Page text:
Anticipated effects of abiotic environmental change on intraspecific social interactions

David N. Fisher* (Corresponding Author), R. Julia Kilgour, Erin R. Siracusa, Jennifer R. Foote, Elizabeth A. Hobson, Pierre-Olivier Montiglio, Julia B. Saltz, Tina W Wey, Eric W. Wice

*Corresponding author for this work

Research output: Contribution to journalArticlepeer-review

1 Citation (Scopus)

Abstract

Social interactions are ubiquitous across the animal kingdom. A variety of ecological and evolutionary processes are dependent on social interactions, such as movement, disease spread, information transmission, and density-dependent reproduction and survival. Social interactions, like any behaviour, are context dependent, varying with environmental conditions. Currently, environments are changing rapidly across multiple dimensions, becoming warmer and more variable, while habitats are increasingly fragmented and contaminated with pollutants. Social interactions are expected to change in response to these
stressors and to continue to change into the future. However, a comprehensive understanding of the form and magnitude of the effects of these environmental changes on social interactions is currently lacking. Focusing on four major forms of rapid environmental change currently occurring, we review how these changing environmental gradients are expected to have immediate effects on social interactions such as communication, agonistic behaviours, and group formation, which will thereby induce changes in social organisation including mating systems, dominance hierarchies, and collective behaviour. Our review
covers intraspecific variation in social interactions across environments, including studies in both the wild and in laboratory settings, and across a range of taxa. The expected responses of social behaviour to environmental change are diverse, but we identify several general themes. First, very dry, variable, fragmented, or polluted environments are likely to destabilise existing social systems. This occurs as these conditions limit the energy available for complex social interactions and affect dissimilar phenotypes differently. Second, a given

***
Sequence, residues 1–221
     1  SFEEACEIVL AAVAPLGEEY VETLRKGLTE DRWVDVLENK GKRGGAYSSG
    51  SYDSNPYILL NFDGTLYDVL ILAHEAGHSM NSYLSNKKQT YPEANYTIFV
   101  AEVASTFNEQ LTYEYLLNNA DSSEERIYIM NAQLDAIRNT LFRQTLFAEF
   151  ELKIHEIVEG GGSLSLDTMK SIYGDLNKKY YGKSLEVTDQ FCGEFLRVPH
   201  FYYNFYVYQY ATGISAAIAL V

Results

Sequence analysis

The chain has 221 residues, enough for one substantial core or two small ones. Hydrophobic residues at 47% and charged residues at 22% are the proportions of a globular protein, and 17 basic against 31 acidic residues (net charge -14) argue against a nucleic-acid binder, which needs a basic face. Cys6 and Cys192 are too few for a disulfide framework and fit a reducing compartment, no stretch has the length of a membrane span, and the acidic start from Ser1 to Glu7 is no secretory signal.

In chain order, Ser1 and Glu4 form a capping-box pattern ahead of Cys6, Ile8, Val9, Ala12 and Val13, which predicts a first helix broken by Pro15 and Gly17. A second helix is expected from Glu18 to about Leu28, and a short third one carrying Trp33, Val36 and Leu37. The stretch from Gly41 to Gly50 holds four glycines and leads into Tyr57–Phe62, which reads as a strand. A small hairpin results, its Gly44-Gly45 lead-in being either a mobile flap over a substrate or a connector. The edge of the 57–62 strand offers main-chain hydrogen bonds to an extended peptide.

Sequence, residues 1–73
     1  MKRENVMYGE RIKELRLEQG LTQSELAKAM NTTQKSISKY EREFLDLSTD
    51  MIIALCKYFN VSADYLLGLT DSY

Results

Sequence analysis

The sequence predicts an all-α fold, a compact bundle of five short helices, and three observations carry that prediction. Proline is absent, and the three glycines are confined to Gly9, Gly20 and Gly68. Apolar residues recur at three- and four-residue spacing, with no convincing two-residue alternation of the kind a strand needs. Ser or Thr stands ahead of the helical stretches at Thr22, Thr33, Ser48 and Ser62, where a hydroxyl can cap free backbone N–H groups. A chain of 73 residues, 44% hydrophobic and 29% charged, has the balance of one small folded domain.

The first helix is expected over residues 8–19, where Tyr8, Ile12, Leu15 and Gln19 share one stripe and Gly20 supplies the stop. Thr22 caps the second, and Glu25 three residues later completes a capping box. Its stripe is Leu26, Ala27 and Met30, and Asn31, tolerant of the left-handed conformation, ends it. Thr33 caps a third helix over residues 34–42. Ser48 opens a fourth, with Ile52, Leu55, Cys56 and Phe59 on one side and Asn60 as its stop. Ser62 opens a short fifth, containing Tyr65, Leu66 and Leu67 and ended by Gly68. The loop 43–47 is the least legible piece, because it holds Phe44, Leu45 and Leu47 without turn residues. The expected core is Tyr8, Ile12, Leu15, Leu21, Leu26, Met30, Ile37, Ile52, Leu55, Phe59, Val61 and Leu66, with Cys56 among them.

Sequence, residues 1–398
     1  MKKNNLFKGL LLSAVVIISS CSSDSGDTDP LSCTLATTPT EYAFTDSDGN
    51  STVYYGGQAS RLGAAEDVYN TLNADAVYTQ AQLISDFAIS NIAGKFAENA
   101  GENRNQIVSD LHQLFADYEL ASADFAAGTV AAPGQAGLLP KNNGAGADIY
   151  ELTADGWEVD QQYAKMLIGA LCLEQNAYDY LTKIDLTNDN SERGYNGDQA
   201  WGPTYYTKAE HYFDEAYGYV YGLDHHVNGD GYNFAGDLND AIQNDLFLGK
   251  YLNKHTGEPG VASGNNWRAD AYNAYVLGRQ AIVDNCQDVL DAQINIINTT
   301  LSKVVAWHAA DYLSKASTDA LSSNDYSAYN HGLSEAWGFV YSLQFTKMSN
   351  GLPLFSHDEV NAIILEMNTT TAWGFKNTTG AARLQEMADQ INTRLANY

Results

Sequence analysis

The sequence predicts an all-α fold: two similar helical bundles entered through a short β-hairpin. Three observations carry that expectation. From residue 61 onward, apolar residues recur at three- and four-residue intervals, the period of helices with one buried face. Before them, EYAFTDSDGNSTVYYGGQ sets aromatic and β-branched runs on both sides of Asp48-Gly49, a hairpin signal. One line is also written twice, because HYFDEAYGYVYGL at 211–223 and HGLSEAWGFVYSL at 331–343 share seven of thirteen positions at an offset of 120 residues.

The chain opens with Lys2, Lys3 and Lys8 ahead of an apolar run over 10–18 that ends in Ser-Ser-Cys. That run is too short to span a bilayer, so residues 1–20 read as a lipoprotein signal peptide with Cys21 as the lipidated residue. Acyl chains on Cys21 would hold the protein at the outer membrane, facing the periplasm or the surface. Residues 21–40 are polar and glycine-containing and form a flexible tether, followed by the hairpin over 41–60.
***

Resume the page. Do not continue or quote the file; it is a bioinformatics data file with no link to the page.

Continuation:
environmental change can lead to opposite responses in social behaviour, and the direction of the response often hinges on the natural history of the organism in question. Third, our review highlights the fact that changes in environmental factors are not occurring in isolation: multiple factors are changing simultaneously, which may have antagonistic or synergistic effects, and more work should be done to understand these combined effects. We close by identifying methodological and analytical techniques that might help to study the response of social interactions to changing environments, highlight consistent patterns among taxa, and predict subsequent evolutionary change. We expect that the changes in social interactions that we document here will have consequences for individuals, groups, and for the ecology and evolution of populations, and therefore warrant a central place in the study of animal populations, particularly in an era of rapid environmental change.
Original languageEnglish
Article numberbrv.12772
JournalBiological Reviews
Early online date2 Jul 2021
DOIs
Publication statusE-pub ahead of print - 2 Jul 2021

Keywords

  • climate change
  • communication
  • dominance
  • environmental variation
  • habitat fragmentation
  • mating systems
  • pollution
  • social interactions
  • social network

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